During my time in the Humphrey Seminar, I learned about myriad leadership styles, some of which resonated with me, and others that did not. I found overall that most of the styles that most struck me fell under the umbrella of servant leadership, which was also our overarching theme this semester.
Per Lewin’s leadership styles, I find myself to be walking the line between the authoritative and participative leadership styles. During our various group efforts this semester, both the films presentations and the Legacy Project, I found I walked more on the side of the authoritative style. This wasn’t necessarily a bad thing, in my opinion, especially when I had to serve as one of the content managers in the Legacy Project. However, as we got deeper into the project, I tried to work more on my participative leadership skills…this is not always easy, though, and the style I plan to work on the most.
As I previously said, though, so much of what I learned about leadership this semester and so much of what I know from my own life experience falls under the category of “servant leadership.” I became particularly aware of this while serving with the Fellows and attachés at various projects this semester, in particular the orange picking and farm days events that I was able to attend. At the latter event, we served children in need, who would not have been able to experience the sights, sounds, smells, tastes, and all around farm experience without us. This, to me, is the true definition of servant leadership, and one that I feel ties in well with the purpose of journalism, as well. We must always strive to “give voice to the voiceless,” and serve others in a humble and genuine way. Perhaps it is my 12 plus years of Catholic education, or my dad’s example, but I find that in serving others in one way or another, we become natural leaders by filling a void.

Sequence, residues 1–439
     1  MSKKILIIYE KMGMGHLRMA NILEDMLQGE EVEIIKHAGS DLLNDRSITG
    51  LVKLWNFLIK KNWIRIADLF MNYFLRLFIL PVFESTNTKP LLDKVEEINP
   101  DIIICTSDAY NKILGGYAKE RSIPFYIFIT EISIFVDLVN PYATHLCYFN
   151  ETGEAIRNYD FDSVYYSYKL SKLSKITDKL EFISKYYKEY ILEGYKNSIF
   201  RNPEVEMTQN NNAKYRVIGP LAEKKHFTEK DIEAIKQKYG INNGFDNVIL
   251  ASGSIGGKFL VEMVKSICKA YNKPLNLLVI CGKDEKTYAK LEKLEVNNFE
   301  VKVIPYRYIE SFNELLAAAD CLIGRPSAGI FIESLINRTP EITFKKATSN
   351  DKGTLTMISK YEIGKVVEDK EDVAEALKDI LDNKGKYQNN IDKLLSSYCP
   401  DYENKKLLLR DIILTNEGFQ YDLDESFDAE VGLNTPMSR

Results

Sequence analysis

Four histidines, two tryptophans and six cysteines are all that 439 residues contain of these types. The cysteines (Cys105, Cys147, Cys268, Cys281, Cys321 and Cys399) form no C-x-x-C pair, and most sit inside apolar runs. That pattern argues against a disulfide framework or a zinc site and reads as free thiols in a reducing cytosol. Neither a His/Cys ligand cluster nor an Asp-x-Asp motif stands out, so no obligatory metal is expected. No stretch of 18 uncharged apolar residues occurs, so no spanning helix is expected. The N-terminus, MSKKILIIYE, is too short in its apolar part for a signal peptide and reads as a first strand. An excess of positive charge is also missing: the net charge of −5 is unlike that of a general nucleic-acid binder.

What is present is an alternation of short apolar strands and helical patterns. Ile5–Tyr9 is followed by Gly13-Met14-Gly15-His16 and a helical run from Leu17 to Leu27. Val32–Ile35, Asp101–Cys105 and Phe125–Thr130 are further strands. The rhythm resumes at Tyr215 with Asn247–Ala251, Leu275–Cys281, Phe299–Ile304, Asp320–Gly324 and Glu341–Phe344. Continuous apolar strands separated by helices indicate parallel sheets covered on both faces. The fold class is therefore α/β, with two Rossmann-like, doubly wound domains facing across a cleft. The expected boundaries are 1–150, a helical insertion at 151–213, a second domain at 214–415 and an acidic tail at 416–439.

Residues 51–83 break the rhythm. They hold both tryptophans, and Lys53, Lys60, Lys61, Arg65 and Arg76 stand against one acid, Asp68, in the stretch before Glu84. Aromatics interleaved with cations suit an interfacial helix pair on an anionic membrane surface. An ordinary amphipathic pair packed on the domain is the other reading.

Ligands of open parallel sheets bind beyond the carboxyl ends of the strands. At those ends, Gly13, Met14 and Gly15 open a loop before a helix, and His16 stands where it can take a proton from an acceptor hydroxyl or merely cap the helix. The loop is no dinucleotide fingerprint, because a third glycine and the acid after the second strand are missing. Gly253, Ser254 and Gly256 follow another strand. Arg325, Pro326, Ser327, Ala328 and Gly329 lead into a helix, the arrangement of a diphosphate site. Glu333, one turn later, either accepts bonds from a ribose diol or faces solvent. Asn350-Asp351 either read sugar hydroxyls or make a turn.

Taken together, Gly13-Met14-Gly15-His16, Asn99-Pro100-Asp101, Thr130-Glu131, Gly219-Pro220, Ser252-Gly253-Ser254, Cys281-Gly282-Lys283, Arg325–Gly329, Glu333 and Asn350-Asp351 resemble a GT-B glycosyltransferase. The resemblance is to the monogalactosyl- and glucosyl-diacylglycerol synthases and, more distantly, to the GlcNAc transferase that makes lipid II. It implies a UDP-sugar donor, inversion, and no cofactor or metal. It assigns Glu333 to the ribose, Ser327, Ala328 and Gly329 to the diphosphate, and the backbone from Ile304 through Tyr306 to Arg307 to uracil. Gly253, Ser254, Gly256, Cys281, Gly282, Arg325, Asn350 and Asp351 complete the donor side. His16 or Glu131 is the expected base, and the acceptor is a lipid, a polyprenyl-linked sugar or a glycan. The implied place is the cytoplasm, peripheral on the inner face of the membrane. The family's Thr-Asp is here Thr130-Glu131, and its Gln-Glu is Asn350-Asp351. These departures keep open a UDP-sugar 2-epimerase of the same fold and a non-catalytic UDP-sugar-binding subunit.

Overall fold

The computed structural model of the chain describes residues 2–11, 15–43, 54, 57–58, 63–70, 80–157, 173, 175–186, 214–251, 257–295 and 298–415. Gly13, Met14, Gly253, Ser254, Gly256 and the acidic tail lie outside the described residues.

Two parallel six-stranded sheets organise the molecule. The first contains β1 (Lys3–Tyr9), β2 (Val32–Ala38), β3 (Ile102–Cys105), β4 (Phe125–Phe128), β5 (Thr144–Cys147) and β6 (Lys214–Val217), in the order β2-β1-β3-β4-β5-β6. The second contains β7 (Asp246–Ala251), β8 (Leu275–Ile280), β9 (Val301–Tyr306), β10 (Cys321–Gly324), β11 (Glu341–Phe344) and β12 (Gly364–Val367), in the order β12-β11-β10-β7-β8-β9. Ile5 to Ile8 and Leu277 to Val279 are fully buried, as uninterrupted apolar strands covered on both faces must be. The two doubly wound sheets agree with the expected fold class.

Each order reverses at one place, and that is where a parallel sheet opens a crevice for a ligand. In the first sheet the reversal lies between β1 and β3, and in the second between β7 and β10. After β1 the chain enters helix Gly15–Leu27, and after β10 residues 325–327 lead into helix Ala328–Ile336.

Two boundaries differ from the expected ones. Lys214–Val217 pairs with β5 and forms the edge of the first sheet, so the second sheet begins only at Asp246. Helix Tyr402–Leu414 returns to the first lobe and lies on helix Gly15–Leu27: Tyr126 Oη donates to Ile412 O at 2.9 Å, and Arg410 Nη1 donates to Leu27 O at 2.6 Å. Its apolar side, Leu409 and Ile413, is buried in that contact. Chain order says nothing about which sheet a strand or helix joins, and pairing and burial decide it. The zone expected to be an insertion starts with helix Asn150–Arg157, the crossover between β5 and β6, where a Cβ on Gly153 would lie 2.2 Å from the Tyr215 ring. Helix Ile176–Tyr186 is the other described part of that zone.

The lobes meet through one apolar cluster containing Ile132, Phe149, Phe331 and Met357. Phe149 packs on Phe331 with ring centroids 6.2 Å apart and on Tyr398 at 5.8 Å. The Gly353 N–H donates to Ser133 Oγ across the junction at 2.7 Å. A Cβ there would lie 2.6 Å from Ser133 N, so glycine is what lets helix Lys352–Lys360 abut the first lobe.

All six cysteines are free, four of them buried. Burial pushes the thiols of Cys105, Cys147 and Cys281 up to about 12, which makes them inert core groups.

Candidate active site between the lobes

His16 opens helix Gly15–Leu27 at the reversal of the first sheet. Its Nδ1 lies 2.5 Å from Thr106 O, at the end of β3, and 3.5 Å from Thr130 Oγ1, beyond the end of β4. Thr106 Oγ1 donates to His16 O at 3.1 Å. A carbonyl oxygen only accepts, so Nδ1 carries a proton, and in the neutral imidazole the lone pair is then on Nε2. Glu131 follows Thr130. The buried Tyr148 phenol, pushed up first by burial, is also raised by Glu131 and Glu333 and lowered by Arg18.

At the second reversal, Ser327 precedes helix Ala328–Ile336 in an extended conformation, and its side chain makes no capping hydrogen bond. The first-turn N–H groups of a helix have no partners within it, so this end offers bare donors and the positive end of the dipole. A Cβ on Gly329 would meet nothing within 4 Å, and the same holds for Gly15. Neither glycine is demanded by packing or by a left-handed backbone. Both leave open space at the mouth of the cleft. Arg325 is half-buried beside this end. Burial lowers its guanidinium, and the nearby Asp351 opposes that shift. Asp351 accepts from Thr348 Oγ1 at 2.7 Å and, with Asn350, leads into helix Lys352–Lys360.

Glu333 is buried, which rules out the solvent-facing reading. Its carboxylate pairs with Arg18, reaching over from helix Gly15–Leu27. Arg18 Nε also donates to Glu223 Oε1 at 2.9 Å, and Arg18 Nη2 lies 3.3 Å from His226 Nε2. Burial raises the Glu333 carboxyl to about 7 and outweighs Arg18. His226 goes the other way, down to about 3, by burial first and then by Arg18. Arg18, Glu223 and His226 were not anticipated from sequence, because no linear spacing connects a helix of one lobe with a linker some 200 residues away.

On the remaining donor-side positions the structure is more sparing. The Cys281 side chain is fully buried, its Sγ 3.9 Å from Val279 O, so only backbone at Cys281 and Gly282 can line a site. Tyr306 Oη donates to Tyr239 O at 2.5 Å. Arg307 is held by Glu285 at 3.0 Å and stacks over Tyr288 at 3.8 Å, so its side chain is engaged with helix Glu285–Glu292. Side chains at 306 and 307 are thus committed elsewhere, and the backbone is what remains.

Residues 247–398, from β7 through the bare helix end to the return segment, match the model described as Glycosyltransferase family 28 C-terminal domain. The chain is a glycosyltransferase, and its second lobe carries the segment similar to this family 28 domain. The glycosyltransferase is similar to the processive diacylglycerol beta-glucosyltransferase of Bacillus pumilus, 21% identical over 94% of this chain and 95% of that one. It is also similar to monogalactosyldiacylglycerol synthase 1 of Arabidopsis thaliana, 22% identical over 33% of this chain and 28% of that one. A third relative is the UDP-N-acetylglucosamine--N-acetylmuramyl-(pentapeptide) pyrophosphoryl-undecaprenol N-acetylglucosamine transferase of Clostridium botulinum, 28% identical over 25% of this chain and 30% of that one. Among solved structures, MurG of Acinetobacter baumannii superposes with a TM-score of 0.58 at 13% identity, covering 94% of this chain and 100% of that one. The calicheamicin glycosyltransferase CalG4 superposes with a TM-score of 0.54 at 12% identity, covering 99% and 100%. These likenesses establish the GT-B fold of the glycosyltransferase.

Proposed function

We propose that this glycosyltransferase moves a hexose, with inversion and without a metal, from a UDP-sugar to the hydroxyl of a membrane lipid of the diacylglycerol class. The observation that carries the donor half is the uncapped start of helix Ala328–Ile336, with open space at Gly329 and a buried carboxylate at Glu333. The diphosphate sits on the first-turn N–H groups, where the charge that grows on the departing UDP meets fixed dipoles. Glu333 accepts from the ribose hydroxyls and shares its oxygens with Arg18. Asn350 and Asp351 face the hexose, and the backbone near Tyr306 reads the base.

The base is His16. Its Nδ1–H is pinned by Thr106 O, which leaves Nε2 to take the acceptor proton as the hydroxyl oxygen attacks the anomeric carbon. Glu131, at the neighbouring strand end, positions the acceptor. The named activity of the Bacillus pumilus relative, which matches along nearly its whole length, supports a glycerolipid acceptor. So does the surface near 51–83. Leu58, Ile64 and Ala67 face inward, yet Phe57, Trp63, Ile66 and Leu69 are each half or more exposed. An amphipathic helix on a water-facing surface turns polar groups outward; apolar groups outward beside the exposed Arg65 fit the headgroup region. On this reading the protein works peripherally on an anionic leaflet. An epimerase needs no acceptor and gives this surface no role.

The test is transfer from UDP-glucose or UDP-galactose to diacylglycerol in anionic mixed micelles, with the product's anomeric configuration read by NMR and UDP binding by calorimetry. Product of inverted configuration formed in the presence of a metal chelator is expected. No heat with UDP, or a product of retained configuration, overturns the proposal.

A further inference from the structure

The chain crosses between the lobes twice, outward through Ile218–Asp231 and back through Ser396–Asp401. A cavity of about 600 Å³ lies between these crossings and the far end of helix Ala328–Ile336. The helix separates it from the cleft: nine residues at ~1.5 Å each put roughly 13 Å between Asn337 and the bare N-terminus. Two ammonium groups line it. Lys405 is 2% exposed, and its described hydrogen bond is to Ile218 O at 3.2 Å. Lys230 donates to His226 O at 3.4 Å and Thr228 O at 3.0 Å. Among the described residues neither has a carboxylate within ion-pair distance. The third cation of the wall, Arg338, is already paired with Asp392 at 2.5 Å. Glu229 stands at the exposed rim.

I mentioned my dad’s theory on leadership, both in journalism and in general, in my presentation, and I want to reiterate it here. One of the questions I asked my journalism leaders was, “How do you define leadership in the industry and in your own life?” My dad responded that a leader is “any individual who strives for excellence, but more importantly is also concerned with making a difference in their community and across the nation.” I think this is a good definition of leadership to live by. It is good to have styles of leadership to follow and live up to, but ultimately we cannot study leadership and must learn it through our own actions, by trial and error.
Sansom, Graham. “Leadership Style.” Powerpoint Presentation. 19 April 2012. http://www.clg.uts.edu.au/pdfs/LGAQLeadershipStyle.pdf
Email interview with Patrick Porter.